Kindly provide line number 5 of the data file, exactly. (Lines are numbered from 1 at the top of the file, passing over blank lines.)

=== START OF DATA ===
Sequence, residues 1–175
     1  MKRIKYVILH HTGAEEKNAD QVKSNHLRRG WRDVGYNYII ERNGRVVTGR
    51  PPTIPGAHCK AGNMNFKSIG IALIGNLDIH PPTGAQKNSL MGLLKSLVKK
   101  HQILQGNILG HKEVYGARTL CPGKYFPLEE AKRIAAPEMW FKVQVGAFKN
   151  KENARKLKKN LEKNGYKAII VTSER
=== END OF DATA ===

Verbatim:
   151  KENARKLKKN LEKNGYKAII VTSER